Pumped Storage: Using Water Towers, Aquifer Well Pumps to Generate Energy During Peak Demand Periods

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By Allan R. Budris

Last month's Pump Tips column provided many pump system efficiency improvement opportunities that could significantly reduce a municipality's electric utility bill by reducing the total electrical consumption. However, total electric consumption is only one portion of the utility electric bill. Peak demand charges (which are added to the consumption rate charge) can account for half of the utility electric bill in a municipal or industrial plant.

Demand is a charge based upon the maximum or peak rate of energy use during the billing period. In addition, there are typically multiple consumption rates based on the "time-of-use." This means that any electrical usage that can be shifted from "on-peak" periods to "off-peak" periods can further cut a facility's electric bill. In fact, some electrical utilities in Texas actually have a zero nighttime, off-peak rate for selected customers.

One way to reduce these demand and higher on-peak electric charges is to store excess power during off-peak periods and then tap into this stored energy during on-peak periods. Pumped storage has been found to be the most efficient means of storing the large amounts of energy required to have a measurable impact on a municipal or industrial electric bill. Such a pump energy storage system would consist of two reservoirs, each capable of storing large amounts of water at a significant elevation difference.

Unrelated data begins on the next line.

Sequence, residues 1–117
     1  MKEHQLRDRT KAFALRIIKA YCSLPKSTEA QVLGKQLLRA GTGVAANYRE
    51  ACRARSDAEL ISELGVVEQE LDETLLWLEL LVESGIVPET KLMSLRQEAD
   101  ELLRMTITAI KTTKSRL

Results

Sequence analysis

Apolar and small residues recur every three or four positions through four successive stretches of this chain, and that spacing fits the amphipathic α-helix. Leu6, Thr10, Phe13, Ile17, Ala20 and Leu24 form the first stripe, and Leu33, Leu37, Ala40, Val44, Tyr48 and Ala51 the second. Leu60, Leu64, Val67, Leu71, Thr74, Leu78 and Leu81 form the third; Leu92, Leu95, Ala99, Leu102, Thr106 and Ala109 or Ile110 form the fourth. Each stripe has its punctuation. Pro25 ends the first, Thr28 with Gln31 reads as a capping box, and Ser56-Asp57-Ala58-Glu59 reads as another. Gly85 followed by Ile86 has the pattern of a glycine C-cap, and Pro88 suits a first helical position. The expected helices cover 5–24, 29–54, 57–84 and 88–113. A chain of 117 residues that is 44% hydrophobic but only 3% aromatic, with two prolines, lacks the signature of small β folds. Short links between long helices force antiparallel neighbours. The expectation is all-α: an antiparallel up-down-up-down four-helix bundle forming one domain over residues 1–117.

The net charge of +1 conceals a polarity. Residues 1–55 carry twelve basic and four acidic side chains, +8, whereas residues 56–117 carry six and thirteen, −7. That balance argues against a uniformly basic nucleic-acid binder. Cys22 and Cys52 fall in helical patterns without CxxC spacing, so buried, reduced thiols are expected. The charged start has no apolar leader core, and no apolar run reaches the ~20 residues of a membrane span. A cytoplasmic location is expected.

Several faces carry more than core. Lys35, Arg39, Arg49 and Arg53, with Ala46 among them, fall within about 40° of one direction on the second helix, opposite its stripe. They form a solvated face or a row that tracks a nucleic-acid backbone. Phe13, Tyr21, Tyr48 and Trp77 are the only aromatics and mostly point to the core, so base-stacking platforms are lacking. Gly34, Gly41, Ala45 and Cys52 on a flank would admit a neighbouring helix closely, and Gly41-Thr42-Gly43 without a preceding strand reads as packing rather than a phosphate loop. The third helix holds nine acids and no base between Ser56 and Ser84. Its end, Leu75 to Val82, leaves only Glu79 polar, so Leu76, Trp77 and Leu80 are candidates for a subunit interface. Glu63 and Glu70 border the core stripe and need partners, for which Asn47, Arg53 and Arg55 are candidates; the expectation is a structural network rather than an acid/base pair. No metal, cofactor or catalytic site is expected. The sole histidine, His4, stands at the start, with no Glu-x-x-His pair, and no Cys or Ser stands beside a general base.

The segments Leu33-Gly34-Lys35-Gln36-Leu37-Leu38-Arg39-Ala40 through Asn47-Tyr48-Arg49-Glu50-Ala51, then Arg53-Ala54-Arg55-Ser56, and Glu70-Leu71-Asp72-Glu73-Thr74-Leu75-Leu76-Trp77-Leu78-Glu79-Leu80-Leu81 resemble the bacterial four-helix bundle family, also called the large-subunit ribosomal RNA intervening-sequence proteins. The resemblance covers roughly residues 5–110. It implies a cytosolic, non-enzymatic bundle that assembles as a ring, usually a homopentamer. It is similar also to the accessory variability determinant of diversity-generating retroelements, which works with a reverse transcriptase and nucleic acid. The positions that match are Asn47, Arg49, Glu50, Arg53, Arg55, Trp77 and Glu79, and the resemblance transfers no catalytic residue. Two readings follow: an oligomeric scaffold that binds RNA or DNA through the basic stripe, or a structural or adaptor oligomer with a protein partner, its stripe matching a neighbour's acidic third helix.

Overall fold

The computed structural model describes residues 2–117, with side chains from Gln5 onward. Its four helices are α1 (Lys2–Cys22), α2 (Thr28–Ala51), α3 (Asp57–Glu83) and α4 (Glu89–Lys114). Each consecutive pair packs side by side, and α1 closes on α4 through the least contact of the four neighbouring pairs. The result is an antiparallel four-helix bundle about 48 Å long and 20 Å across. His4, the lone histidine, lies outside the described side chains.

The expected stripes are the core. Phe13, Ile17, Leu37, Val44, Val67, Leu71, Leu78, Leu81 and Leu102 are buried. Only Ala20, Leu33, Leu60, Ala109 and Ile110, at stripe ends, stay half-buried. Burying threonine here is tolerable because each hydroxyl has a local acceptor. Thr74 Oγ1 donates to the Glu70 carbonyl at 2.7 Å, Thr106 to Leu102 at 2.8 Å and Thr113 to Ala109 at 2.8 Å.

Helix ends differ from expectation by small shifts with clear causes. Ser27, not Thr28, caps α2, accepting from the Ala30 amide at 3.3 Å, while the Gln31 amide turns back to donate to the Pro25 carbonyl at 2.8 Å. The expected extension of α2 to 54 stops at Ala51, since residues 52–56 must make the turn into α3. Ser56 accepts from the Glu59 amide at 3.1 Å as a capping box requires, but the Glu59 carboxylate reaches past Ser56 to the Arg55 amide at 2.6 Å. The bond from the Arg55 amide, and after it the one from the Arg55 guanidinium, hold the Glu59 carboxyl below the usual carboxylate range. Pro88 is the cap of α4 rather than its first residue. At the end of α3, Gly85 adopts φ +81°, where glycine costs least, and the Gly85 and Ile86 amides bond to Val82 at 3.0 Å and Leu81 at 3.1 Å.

During off-peak (lower-demand) periods, low-cost electricity is used to pump water from the lower-elevation reservoir to the higher-elevation reservoir. Then, during times of peak demand, this extra stored water can be released from the higher-elevation reservoir and run through the pump (operating in reverse as a turbine) to generate electricity, which can be used to offset local usage. This not only reduces the amount of electricity that must be purchased from the utility during higher-rate periods but also reduces the maximum period demand charges.

Municipal pumped storage systems are not always feasible, however, because of the high initial capital costs and/or excessively long financial payback. This is especially true if reservoirs must be built and pumps/turbines and piping must be purchased and installed.


There is, however, a lower cost option that may be available to many municipalities for storing off-peak energy and recovering this energy during peak demand periods: an aquifer-pumped storage system (See Fig. 1). Many municipalities already have the basic infrastructure in place that could be (relatively easily) modified to store energy during low-peak demand periods and then generate hydroelectric power for the municipality during periods of peak demand.